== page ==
Four questions to ask yourself ahead of Media Literacy Week | Five for the Weekend
This year, the week from Oct. 25-29 serves as National Media Literacy Week
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Happy weekend, all.
Your plans for next week are probably filled with spooky happenings such as trick-or-treating, Halloween parades and horror movie marathons, but there’s another event happening next week of which you should be aware.
This year, the week from Oct. 25-29 serves as National Media Literacy Week.
Established in 2014, National Media Literacy Week was designed to recognize and highlight the vital role media literacy plays in our society, and how to be better, more informed, consumers of news, social media and more.
In collaboration with the Pennsylvania NewsMedia Association (PNA), The Capital-Star has lined up coverage on media-literacy related topics for next week, but we invite you to join the discussion, as well.
Here are a few questions to get you think about media literacy and your own news consumption behaviors.
- How do you define media literacy?
- What media do you use regularly? How often do you use it?
- What sources of information do you trust? Why?
- How do your own emotions influence what you think about a particular medium?
As always, the top 5 stories from this week are below.
Pennsylvania Capital-Star: In our last interview (Oct. 19, 2019) you said “Pennsylvania may be the most important state in 2020.” The Keystone State put President Biden over the top with his eventually carrying our 20 Electoral College votes.
Bill Maher: Well that certainly turned out to be quite true, although I’m sure he had no trouble carrying Scranton. And Pennsylvania has always been an iffy state on the Red versus Blue continuum.
Q: Now the 2022 U.S. Senate race puts Pennsylvania front and center again. With Republican U.S. Sen. Pat Toomey not running for re-election, there are 14 Democrats, 12 Republicans, and one Liberal Party candidate running for the open seat. Any thoughts on Democrat candidates John Fetterman? Openly gay state Rep. Malcolm Kenyatta? U.S. Rep. Conor Lamb? Anyone GOP candidates catch your eye?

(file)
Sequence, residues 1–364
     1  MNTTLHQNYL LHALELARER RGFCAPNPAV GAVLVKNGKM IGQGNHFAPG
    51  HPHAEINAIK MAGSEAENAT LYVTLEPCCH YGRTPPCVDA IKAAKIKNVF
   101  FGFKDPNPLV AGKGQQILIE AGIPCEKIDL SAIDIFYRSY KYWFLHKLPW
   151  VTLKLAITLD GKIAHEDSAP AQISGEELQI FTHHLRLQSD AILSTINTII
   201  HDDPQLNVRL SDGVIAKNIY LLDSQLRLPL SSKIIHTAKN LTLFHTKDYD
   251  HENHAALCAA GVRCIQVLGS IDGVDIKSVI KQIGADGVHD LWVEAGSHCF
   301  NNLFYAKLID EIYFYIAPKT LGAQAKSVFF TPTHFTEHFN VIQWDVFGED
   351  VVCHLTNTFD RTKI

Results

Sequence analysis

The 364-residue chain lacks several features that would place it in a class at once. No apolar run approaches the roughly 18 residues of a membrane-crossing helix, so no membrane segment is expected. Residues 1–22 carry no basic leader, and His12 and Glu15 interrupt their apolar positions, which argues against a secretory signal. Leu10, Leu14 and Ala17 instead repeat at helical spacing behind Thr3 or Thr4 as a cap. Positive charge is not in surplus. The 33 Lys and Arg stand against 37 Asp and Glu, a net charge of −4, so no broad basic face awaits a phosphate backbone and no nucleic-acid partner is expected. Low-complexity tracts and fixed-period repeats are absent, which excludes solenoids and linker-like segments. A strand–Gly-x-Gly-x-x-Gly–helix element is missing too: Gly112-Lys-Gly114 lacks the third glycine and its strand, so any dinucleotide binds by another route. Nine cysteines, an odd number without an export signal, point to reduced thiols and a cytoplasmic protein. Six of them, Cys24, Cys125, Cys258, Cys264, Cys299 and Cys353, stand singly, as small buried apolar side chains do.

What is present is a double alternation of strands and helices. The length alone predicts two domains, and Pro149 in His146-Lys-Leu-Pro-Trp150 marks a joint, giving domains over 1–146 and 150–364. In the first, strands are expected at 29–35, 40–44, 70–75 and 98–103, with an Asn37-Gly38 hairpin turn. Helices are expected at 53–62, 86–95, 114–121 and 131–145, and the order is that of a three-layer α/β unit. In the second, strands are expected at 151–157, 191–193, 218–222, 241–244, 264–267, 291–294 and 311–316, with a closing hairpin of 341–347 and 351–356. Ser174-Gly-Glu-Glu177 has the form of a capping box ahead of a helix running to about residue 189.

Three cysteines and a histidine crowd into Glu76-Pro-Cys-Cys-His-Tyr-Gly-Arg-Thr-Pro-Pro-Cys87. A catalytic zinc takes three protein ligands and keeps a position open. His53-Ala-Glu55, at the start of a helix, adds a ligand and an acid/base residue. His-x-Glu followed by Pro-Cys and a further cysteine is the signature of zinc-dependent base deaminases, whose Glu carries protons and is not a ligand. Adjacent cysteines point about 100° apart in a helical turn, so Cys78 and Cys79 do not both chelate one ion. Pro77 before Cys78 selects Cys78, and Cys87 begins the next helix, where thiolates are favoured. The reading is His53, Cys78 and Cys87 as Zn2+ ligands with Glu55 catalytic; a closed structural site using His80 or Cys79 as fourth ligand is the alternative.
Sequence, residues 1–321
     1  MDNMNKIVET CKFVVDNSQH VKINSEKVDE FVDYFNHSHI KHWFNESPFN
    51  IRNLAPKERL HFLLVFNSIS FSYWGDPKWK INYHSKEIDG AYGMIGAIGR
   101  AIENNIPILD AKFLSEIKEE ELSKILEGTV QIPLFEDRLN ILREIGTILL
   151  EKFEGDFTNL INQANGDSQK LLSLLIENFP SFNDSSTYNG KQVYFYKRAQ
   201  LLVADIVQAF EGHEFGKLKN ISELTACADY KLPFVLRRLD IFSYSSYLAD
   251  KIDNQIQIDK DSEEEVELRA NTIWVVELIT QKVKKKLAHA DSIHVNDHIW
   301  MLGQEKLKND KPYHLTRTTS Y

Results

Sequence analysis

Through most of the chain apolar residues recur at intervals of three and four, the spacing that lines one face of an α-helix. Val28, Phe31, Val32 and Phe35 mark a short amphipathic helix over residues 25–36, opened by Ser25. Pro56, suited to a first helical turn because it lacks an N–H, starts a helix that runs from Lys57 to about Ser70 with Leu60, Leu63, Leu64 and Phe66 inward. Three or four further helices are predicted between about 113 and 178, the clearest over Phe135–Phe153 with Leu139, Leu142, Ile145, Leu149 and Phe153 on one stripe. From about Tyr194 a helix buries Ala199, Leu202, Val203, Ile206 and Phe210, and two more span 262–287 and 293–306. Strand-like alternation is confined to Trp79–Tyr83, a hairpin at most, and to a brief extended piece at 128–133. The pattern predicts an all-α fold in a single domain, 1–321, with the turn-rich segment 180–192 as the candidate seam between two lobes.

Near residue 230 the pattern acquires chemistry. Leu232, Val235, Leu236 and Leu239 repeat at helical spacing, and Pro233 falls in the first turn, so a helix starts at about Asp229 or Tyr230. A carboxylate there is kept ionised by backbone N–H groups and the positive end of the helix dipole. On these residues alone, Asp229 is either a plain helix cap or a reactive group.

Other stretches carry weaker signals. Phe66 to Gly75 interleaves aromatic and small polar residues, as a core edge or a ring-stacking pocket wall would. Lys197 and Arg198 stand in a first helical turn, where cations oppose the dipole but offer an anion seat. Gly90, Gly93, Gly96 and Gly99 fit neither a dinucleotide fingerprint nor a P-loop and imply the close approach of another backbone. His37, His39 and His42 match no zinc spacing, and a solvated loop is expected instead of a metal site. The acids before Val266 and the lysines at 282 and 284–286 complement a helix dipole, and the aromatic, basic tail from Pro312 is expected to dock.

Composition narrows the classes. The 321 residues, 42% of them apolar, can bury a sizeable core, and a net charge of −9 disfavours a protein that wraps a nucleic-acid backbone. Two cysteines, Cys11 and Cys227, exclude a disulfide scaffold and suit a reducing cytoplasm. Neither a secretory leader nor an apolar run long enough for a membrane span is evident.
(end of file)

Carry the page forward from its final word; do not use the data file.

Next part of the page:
A. I have not yet followed that race but U.S. Rep. Conor Lamb [D-17th District] – a moderate Democrat – has the right idea. Nothing extreme in any direction regarding legislation and regulations, or policy. I think that’s the way to go.
The Republican state senator leading the Pennsylvania election investigation promised a transparent process, but negotiations with potential vendors are happening behind closed doors.
Because the General Assembly does not have to follow the same procurement practices as executive branch offices, Sen. Cris Dush, R-Jefferson, who vowed a “responsible, thoughtful, and transparent” review, has no legal obligation to publicize engagements with third parties.
Pennsylvania’s Procurement Code outlines how offices for the governor, attorney general, treasurer, auditor general, state boards, commissions, and other agencies acquire services and supplies. It guides how to advertise projects, accept offers, and select successful bidders.
Wanting to honor a Pennsylvania police officer who died on duty, a Senate panel has advanced legislation that would increase penalties for those who evade arrest.
The legislation sponsored by Sens. John Yudichak, I-Luzerne, and Marty Flynn, D-Lackawanna, came after Scranton police officer John Wilding fell to his death in 2015 while chasing three teenagers suspected of armed robbery.
Though they were charged with Wilding’s death, the suspects pleaded to a lesser offense and received a sentence of nine to 18 years in prison, according to WNEP-TV.
A Pennsylvania legislative panel affirmed Gov. Tom Wolf’s school mask mandate on Thursday morning, ruling that the Democratic governor had properly implemented it under his administration’s existing powers.
The seldom used, 11-member panel, known as the Committee on Documents, is made up of lawyers, legislators, a cabinet secretary, and a representative from Attorney General Josh Shapiro’s office. It has a final say on what is, and is not, a regulation.
The committee decided 7-4 to uphold Wolf’s K-12 mask order, which requires all students, teachers and staff to wear masks while inside school buildings, regardless of their vaccination status against COVID-19. The order applies to public and private schools alike, as well as pre-school.
A so-called school transparency bill, which would require districts to post all curriculum and course material online, is making its way through the Republican-controlled Legislature.
The Senate Education Committee voted along party lines Monday to advance a previously approved House bill, authored by a GOP lawmaker, mandating that Pennsylvania’s schools make all instructional materials, techniques, and syllabi publicly available, beginning the 2022-23 school year.
If course materials are updated, a school’s chief administrator or a designee would be required to update the curriculum online within 30 days of its approval. The bill applies to school districts, intermediate units, career and technical schools, charter programs.
And that’s the week. See you back here next weekend.
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